Write a Catchy Song Hook with 6 Ideas (2/2)

write a catchy song hook

In the previous part of this series, we have known what a song hook is and how to write a catchy hook for a song. Here in this part, let’s check out 6 interesting ideas to create catchier song hooks.

Write a Catchy Song hook ideas

There’s a ton of inspiration and interesting ideas out there for you to create your song hooks.

LANDR took notes from some famous artists then provided us with a list of song hook tips.

Let’s check it out!

1. Combine genres

Combining several genres to write song hook is the very first tip to capture multiple audiences’ attention.

You must know this recent example which was a huge hit in 2019. It is a song, name Old Town Road from Lil Nas.

The hook of this song is an excellent sample of combining genres in writing catchy song hook. It is a combination of country and hip hop that makes everyone could recognize immediately and be able to sing along as well.

Working with country star Billy Ray Cyrus to remix this song didn’t ruin the track’s ability to cross listeners either.

2. Use an instrumental hook

A catchy song hook isn’t always a vocal part.

In some cases, the audiences can be hooked in an instrumental section.

The best example for this could be Phil Collins’ bombastic drum fill in I Can Feel It Coming in the Air Tonight.

You will know exactly what is coming whenever that drum part comes across your ears.

We have all caught some of our friends air drum this section at a party, so you could find it easy to follow along to.

3. Write an anthem

Anthemic hooks are the ones that just so fun to sing along to.

My favorite anthemic hook is in a song, named Sweet Caroline from Neil Diamond.

The lyrics are extremely simple with the Oh-Oh-Oh part, so people can sing together.

It’s the kind of song hook that can get the entire stadium singing at a sporting event.

4. Invent a new word in your song hook

Creating a new word is sometimes important to tell your audiences something deeper about your song hook and give them the message of your track.

In The Motto, Drake was creative. He made a term YOLO, which stands for You Only Live Once which went viral so fast on the internet at that time and still be meaningful until now.

Creating a simple acronym that describes a carefree and risk-taking attitude towards life was an interesting way to make the whole world pay more attention to his track and turn it into a massive hit.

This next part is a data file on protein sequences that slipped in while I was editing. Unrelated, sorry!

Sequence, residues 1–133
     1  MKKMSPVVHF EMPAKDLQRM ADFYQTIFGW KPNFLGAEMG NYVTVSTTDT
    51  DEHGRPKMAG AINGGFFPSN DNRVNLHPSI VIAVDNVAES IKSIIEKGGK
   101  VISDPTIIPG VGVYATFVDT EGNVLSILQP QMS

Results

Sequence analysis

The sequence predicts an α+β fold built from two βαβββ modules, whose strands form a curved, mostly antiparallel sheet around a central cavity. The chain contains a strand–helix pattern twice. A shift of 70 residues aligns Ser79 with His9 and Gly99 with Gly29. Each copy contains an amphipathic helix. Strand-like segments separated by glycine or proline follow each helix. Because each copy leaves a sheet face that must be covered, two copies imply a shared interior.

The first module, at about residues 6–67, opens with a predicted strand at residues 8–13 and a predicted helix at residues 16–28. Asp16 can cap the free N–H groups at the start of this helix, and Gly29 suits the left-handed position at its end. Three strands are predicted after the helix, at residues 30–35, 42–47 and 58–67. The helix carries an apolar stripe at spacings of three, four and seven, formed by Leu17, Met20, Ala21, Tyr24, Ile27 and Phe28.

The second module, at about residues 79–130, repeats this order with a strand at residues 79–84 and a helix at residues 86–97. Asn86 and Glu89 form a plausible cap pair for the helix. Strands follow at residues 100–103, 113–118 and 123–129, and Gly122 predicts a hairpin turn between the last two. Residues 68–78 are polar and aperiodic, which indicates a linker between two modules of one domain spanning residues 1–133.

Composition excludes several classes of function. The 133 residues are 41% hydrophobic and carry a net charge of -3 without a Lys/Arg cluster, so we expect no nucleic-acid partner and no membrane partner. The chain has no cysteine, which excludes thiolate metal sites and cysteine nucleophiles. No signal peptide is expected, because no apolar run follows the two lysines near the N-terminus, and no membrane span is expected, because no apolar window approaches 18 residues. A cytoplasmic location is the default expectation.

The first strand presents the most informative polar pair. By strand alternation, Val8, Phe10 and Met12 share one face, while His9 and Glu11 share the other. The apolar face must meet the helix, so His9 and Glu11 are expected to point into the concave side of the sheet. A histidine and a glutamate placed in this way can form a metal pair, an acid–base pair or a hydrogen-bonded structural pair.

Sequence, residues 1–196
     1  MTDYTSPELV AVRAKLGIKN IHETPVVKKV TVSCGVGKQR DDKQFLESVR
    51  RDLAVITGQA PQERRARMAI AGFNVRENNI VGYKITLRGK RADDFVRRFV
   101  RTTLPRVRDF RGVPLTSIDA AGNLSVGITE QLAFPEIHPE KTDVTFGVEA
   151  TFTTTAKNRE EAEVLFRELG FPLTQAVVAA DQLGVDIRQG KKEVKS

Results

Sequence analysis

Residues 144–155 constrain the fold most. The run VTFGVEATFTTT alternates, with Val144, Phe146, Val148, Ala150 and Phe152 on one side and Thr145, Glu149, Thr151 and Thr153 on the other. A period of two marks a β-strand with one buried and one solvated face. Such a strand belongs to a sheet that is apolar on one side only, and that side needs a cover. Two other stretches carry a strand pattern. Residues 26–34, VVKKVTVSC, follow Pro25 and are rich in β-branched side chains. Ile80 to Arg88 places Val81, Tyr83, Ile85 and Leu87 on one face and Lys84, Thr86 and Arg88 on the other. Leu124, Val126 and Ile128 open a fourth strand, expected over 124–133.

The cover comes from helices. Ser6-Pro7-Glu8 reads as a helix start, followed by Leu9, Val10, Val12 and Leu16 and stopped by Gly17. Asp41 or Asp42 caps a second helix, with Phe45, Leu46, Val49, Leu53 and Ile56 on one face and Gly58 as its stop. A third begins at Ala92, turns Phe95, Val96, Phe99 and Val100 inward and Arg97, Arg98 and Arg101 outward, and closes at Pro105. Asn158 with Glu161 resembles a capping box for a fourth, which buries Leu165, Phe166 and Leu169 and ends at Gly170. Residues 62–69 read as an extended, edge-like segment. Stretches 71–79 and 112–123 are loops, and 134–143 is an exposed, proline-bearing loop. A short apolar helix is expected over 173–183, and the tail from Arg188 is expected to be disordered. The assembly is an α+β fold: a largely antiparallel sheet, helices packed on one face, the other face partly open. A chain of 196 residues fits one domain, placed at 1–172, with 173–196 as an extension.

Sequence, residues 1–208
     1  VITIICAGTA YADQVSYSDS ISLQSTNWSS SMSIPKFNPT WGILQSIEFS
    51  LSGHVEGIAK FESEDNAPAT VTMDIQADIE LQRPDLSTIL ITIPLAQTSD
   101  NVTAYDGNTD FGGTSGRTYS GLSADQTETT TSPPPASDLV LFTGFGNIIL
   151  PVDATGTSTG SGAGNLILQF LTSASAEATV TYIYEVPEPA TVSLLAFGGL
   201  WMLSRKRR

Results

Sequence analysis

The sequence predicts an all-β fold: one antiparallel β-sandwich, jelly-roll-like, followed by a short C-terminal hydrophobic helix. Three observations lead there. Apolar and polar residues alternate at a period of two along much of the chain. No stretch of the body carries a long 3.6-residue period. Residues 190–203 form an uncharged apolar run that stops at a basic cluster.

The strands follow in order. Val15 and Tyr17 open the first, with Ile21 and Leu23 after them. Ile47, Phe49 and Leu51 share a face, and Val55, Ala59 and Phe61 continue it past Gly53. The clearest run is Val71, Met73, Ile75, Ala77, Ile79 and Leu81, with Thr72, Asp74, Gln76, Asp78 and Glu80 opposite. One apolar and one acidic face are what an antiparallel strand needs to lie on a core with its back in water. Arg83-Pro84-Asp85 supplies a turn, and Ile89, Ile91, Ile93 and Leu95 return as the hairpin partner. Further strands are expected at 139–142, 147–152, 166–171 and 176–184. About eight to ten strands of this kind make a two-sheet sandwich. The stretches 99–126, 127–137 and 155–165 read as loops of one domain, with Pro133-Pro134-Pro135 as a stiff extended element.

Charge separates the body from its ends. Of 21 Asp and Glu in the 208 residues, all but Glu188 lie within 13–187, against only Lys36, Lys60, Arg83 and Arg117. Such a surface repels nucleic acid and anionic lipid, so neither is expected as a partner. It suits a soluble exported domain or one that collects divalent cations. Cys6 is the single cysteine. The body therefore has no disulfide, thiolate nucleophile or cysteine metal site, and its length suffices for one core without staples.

5. Use singable syllables to write a catchy song hook

Words aren’t always the part of your catchy song hook that matters, there are tons of great examples of melodies sung in syllables that worked perfectly to get the audience engaged.

One reason why this song hook writing tactic works is because it removes language barriers.

If anyone can appreciate and even sing along to your hook, you have a much bigger audience.

One such song which represents for this case might be The Beatles’ Ob-La-Di, Ob-La-Da.

It’s catchy and fun to sing along to. I’m sure you’ve had this one stuck in your head before.

6. Use a really simple melody while writing song hook

A lot of today’s pop vocals use very simple melodies.

It seems like songwriters are looking for ways how to increase the number of notes, instead of adding them.

Post Malone uses this technique in a lot of his hooks. In his song Rock Star, you’ll find repeated two-note melodies through most of the track.

It’s such an intentional movement to make the song easier to remember and sing along to.

Hook, line, and singer

Writing a song isn’t easy. It takes songwriters a lot of practice and skill to create some memorable things.

But that doesn’t mean you shouldn’t try, it just means you’ll have to spend more time practicing.

Start experimenting and sharpening your ears for characteristics in your tracks that could work as a catchy hook.

Sometimes it’s better not to follow any rules, just throw all the rules out of the window and make something fresh that’s unique and describe yourself.

Your best bet is to be authentically you as you write your songs, as long as you’re consciously writing hooks into your music, your tracks will find their way into your audiences’ ears.

 

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